In the final scene of the episode, Rev. Cole pulls the sword from the scabbard of the Lieutenant and decapitates him. This is  very surprising, but, like many of this episode’s surprising moments, it’s surprising in large part because it seems so wildly inconsistent with what has been established thus far about the character. The only explanation for such surprise is that the character has gone suddenly mad (which seems to be the case with Cole, whose tendency toward drink recurs), and that seems to be happening way too often in this series.

The other surprising thing that happens in this episode is that there is actually railroad building taking place. After what seems like weeks when our characters have been off doing everything else but working on the railroad, Bohannon gives an inspiring toast, and the next day everyone is suddenly working together to reach the 40 mile target.  How such unity of purpose suddenly congealed is rather mystifying.

As a whole, I’ve enjoyed Hell on Wheels, and I hope that, as the series continues, the writers will place less emphasis on surprising developments and instead let the drama and the surprise develop naturally rather than forcing it.

Hell on Wheels: Derailed

When we last left Hell on Wheels, shortly before a brief holiday break, Elam and Bohannan were riding off into the sunset after having just ambushed and killed the lynch mob that was chasing Elam. The mob had been intent on finishing the job of killing Elam that Bohannan had interrupted back at the Hell on Wheels camp.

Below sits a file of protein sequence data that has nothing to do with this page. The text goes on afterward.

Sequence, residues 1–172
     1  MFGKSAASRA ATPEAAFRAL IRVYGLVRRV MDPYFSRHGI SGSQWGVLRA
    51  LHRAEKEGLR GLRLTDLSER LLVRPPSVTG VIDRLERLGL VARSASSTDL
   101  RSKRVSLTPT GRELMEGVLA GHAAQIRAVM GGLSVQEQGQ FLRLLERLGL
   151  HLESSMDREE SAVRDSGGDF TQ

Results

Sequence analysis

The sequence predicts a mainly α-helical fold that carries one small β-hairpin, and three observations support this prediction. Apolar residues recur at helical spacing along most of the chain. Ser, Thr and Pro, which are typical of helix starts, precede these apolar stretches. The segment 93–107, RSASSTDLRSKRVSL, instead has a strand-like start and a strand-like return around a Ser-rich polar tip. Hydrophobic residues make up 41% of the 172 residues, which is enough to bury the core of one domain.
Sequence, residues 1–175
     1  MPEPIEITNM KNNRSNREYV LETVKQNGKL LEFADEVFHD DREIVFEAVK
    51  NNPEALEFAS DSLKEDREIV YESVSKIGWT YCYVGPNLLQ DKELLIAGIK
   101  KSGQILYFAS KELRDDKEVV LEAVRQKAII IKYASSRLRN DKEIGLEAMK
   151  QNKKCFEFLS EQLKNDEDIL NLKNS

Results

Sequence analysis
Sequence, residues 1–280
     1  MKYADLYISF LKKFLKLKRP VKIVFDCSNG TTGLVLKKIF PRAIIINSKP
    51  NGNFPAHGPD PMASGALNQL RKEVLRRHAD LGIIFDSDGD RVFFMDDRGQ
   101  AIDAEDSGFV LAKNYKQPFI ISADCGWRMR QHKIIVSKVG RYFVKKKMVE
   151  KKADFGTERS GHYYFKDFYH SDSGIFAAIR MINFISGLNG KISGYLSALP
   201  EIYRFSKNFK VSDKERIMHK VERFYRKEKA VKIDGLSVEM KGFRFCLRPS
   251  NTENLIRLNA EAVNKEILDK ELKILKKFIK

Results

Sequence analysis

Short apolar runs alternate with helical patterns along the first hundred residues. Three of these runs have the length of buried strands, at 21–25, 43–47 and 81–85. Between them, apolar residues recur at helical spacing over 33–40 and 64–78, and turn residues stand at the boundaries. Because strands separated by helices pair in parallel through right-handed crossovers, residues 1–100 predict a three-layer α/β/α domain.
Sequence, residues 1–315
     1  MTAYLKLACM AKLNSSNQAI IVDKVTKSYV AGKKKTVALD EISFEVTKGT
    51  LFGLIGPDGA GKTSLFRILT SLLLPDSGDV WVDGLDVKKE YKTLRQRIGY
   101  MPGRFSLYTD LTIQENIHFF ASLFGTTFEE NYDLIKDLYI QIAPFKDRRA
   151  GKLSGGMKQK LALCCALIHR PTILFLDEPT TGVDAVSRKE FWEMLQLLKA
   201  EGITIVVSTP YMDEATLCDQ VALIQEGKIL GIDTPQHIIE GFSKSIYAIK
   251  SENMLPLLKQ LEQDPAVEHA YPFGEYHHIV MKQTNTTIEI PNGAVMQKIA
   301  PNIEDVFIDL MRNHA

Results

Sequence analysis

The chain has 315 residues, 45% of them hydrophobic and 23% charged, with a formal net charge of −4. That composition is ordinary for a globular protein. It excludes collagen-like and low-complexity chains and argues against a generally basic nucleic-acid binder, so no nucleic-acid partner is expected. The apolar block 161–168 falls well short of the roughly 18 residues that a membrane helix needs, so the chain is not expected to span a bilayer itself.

“Derailed” begins with, as the title suggests, a derailment. Traveling back from Chicago on his private train, Durant and Lily arrive at the derailment scene shortly after it has happened. There are bodies and survivors, and the derailment suggests the aftermath of battle. Again, the feeling in the post-bellum drama is that we are not particularly post-war at all, and the scene of devastation is another reminder of the Civil War—especially when the boiler of the half-buried engine explodes. One of the interesting themes that Hell on Wheels addresses is life in a post-war society, one that is still grappling with the traumas (and with the causal issues, racial conflict in particular) of that war. And, in fact, this derailment may be part of the new racial conflict—with the Cheyenne. At least, both the Swede and Durant believe that the Cheyenne have caused the derailment (an act of “terror,” as they describe it, suggesting that the series is commenting on contemporary wars as much as on Civil War society).